That's not to say Urban Dictionary is vacant any good, but its utility, as a window into different communities and local subcultures, as a tool that extends sharp and luminous insight, has been obscured by darker intentions. What began as a joke is no longer funny. Even those who operate on the site understand it for what it's eroded into. The top definition for Urban Dictionary reads: "Supposed to [b]e a user-inputed dictionary for words. However, has become a mindless forum of jokes, view-points, sex, and basically anything but the real definition of a word." Where Oxford and Merriam-Webster erected walls around language, essentially controlling what words and expressions society deemed acceptable, Urban Dictionary, in its genesis, helped to democratize that process. Only the republic eventually ate itself.

More Great WIRED Stories

Sours: https://www.wired.com/story/urban-dictionary-20-years/

104 Urban Dictionary Words You Need to Understand the Internet

Urban Dictionary may have originally started as a joke, but the online authority of all things slang is now a legitimate source on what popular sayings mean — and a ton of the words published in their pages are commonly accepted vernacular.

Amal Clooney and George Clooney/Richard Shotwell/Invision/AP
Related story George Clooney Spent the Pandemic 'Teaching Pranks' to His Twin Children, Says Amal

As raunchy as it can be at times, Urban Dictionary has gone mainstream — I mean, it’s even used in some courtrooms to define culturally acceptable slang terms. Doesn’t get much more legit than that. Of course, being the crowdsourced slang resource that it is, none of the words were actually invented by Urban Dictionary. However, many (including some of the words below) have since been added to more traditional dictionaries — and others may have been in old-school dictionaries first, but the peeps at Urban Dictionary just defined them better.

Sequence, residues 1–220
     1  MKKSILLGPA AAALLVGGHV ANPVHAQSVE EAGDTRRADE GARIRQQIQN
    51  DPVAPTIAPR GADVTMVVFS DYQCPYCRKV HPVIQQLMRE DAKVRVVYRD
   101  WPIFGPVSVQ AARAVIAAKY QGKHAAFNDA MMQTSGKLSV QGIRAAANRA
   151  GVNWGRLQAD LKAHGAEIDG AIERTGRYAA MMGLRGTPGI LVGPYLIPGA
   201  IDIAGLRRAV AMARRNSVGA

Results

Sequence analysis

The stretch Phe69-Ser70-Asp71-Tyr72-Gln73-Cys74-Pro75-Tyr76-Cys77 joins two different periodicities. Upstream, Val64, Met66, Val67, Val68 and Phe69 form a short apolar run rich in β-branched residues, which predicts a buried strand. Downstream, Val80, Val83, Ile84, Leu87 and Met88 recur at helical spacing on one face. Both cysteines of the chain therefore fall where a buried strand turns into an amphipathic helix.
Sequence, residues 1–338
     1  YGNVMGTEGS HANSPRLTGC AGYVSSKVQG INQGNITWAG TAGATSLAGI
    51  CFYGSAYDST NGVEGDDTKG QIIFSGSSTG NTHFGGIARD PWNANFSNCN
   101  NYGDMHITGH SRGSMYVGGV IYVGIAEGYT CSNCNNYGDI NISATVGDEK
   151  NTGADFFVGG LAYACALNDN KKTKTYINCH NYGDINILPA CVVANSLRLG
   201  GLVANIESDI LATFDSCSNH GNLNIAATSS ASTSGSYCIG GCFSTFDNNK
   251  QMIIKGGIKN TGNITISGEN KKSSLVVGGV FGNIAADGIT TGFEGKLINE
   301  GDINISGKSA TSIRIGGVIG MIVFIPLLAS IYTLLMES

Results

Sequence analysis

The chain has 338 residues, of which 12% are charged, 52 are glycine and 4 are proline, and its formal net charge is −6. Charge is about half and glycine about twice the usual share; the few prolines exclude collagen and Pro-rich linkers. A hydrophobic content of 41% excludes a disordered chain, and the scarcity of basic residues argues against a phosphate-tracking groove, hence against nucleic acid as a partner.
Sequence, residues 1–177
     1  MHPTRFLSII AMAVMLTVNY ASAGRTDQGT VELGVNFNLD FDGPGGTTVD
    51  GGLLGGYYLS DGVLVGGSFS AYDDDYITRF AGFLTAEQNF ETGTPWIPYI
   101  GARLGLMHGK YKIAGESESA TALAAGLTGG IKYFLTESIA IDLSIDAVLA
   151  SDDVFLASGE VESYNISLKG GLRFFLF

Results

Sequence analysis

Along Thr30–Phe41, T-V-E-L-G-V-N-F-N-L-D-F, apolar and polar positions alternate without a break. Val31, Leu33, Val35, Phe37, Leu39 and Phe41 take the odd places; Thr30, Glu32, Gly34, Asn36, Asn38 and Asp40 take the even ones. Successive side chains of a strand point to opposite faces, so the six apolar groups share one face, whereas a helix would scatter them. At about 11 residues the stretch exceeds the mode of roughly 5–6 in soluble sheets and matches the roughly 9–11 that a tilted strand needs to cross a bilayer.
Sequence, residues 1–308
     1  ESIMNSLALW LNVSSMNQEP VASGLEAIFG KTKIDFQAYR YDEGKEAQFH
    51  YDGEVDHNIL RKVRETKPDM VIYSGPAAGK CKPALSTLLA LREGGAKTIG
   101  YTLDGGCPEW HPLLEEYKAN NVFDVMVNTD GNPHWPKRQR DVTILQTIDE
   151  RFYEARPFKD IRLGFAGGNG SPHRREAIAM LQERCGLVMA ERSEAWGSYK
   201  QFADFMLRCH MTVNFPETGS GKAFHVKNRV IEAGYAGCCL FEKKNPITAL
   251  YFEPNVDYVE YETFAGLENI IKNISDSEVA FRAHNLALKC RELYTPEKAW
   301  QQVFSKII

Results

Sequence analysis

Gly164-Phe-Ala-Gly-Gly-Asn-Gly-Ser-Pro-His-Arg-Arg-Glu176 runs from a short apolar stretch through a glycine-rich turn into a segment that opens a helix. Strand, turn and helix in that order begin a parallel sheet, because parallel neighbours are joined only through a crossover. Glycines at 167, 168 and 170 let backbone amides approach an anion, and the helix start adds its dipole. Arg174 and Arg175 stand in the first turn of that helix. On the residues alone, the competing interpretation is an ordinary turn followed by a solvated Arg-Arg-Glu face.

In honor of our ever-changing English language, here are the big pop culture words we think everyone needs to know.

Warning: Some strong language ahead (NSFW)

1. A crapella — singing (badly) while listening to music through headphones

2. Ann Curry-ed — being fired unexpectedly and/or without cause

3. Askhole — an individual who asks ridiculous, obnoxious or irrelevant questions (this is often chronic behavior)

4. Awesome sauce — something that is more awesome than awesome (awesome topped with awesome sauce)

5. Baby bump — the protruding abdominal region of a woman when she starts to become noticeably pregnant (often creates speculation a woman is pregnant even when it’s the result of bloating or the way clothes fall)

6. Badassery — actions or behavior that are amazing or unbelievable; the act of being a badass

7. Beer me — please, get me a beer (can also be used figuratively to ask for anything to be passed or retrieved for the speaker)

8. Bitchy resting face — the state of a face while not emoting in which the individual looks hostile or judgmental